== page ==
Letter Charges Illegal forced sale of MS Windows, EC Says Not Likely

Posted by dafydd on Jul 3, 2006 12:12 PM EDT
LXer Newswire; By Dafydd ab Iago
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This is a letter of complaint sent to the European Commission regarding the situation in Belgium, which unfortunately applies to all EU countries, which forces almost all consumers to buy MS Windows despite regulation prohibiting illegal forced and linked selling practices. The EC's response follows the complaint letter.

Below is a letter sent off to the European Commission, followed by their response, regarding the linking of Windows to hardware sales and the inability to obtain a refund from hardware manufacturers when the user does not wish to use the pre-installed Windows operating system.

Dear Secretary General,

Dear Ms Day,

I am writing to make a formal complaint concerning the forced sale of Microsoft OS with notebooks in Belgium and other EU countries, and more specifically the failure of Belgian authorities to prevent the distortion of the market for notebook laptop computers.

All major notebook computer suppliers in Belgium, perhaps representing almost 99% of the retail notebook market, offer no option other than to pay for a pre-installed version of Windows. Such companies include Dell, Packard Bell, Photo Hall, MediaMarkt, HP, Sony, Toshiba, Acer, Fujitsu Siemens, and Lenovo.

The forced pre-installing of and payment for Microsoft operating systems on notebooks in Belgium has engendered a distorted market. The companies involved maintain confidential pricing policies as to manufacturer-paid charges for the Windows operating systems. However, there are indications that this could lead to excess charges of EUR 100 for unit purchased by an end consumer.

As a user of an alternative operating system based upon a GNU General Public License, as do some 5 percent of notebook users, I myself now face being charged for a product I do not and will not need.

Although the End User License Agreement (EULA) for the Microsoft Windows XP Professional and Microsoft Windows XP Home Edition refers in vague terms to the possibility of a refund in the event of not installing and not agreeing with the EULA terms, notebook providers in Belgium refuse to offer such refunds and do not have known procedures for so doing.

As a normal customer buying a single notebook, it is not possible in any way to configure purchase options so as NOT to pay for a Windows operating system at any of the following retailers: Dell, Packard Bell, Photo Hall, MediaMarkt, HP, Sony, Toshiba, Acer, Fujitsu Siemens, and Lenovo.

I therefore request that the Commission make a formal investigation into the distortion of notebook computer market in Belgium and elsewhere as well as to force local authorities to ensure that consumers have the right to choose whether or not to buy a Windows operating system when purchasing a notebook in Belgium and elsewhere within the EU.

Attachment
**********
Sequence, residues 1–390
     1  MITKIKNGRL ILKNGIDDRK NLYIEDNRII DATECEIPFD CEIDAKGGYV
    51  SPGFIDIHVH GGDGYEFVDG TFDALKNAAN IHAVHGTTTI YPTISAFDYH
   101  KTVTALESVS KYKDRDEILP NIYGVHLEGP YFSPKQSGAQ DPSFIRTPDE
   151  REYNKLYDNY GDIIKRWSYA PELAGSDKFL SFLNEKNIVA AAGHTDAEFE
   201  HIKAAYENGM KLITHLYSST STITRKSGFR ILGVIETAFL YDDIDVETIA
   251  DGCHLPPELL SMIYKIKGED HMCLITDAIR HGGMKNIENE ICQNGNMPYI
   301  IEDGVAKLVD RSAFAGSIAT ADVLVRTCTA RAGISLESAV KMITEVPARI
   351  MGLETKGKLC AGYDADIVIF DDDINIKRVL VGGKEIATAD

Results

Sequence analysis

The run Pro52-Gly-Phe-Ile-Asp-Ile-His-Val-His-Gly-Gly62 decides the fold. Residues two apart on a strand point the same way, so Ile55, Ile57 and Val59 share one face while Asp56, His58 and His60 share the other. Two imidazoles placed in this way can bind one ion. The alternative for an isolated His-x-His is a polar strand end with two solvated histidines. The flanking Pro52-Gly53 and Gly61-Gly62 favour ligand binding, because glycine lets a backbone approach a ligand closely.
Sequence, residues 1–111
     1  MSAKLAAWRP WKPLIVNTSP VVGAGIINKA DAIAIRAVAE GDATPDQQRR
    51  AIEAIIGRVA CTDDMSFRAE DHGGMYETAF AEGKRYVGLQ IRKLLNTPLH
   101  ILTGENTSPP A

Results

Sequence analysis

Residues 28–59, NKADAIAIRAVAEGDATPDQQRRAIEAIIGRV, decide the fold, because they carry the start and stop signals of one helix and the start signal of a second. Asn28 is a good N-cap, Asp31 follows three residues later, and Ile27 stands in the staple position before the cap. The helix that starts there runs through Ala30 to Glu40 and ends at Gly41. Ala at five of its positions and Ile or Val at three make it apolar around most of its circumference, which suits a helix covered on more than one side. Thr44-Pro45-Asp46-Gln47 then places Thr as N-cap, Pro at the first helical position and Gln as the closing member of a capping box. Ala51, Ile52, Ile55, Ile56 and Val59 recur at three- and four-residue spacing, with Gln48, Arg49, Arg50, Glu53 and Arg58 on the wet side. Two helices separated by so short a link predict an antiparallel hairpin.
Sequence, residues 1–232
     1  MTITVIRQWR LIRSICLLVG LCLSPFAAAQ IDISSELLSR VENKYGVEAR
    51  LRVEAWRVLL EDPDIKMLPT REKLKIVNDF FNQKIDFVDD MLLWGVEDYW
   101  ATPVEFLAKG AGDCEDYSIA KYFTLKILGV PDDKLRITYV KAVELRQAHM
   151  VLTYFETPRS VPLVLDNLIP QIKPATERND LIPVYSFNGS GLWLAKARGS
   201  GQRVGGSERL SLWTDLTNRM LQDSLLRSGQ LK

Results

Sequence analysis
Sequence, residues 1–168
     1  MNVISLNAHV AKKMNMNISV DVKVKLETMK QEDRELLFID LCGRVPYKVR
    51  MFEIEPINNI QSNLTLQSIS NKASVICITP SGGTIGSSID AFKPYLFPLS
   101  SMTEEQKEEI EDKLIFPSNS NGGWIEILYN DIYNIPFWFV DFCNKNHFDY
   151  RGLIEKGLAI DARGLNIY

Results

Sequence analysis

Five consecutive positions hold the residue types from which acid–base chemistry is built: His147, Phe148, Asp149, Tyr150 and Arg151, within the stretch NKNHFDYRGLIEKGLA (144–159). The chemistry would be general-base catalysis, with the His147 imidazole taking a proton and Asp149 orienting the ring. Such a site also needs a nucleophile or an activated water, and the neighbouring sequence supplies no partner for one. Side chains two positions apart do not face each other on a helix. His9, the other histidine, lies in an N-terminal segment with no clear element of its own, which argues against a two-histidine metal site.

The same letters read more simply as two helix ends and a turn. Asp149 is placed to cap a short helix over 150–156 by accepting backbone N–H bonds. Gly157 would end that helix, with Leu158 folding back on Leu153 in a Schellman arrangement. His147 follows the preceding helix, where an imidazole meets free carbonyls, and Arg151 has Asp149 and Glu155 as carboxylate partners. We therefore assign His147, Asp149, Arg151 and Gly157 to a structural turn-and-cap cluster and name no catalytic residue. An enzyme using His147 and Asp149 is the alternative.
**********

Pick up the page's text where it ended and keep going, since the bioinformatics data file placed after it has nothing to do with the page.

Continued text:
The EC's Response



Dear Mr. Ferguson,



Thank you for your email dated I7 June 2006 to the Consumer Officer. This email relates to the possibility of purchasing PCs without a preinstalled Windows operating system.

The Commission is aware of the difficulties encountered by consumers to purchase PCs without an operating system on them or alternatively with another operating system than Windows.

As regards the possibility of purchasing a PC without an operating system, I understand that Microsoft's licensing agreements with PC manufacturers encourage (through the grant of rebates) the pre-installation of operating systems on PCs. However, this does not have to be a Microsoft operating system. The Commission is not aware of any obligation either contractual or financial, obliging the PC OEMs to sell their PCs with Windows operating systems in particular.

Furthermore, it appears that the choice of a PC vendor to offer PC with or without an OS is not so much influenced by the rebate offered by Microsoft than by the existence of effective consumer demand for PCs with operating systems. We suspect that the structure of the market and demand from consumers is the driving force behind the decision by PC vendors to offer Windows preinstalled on the majority of their computers. If this is information is confirmed, the conduct of PC manufacturers would be justified by pure commercial reasons and may not fall under the provisions of EC competition law.

That said we have not yet finalized our review of the market and are grateful that you took time to inform us of the problems you have encountered. Against this background, I would like to take this opportunity to inform you that the Commision intends to examine these questions in greater detail in the future.

Yours sincerely,

Angel TRADACETE COCERA

EUROPEAN COMMISSION

DG Competition

Director Directorate C: Information, Communication and Media

B-1049 Brussels

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My Response moopst 10 2,716 Jul 5, 2006 1:58 PM
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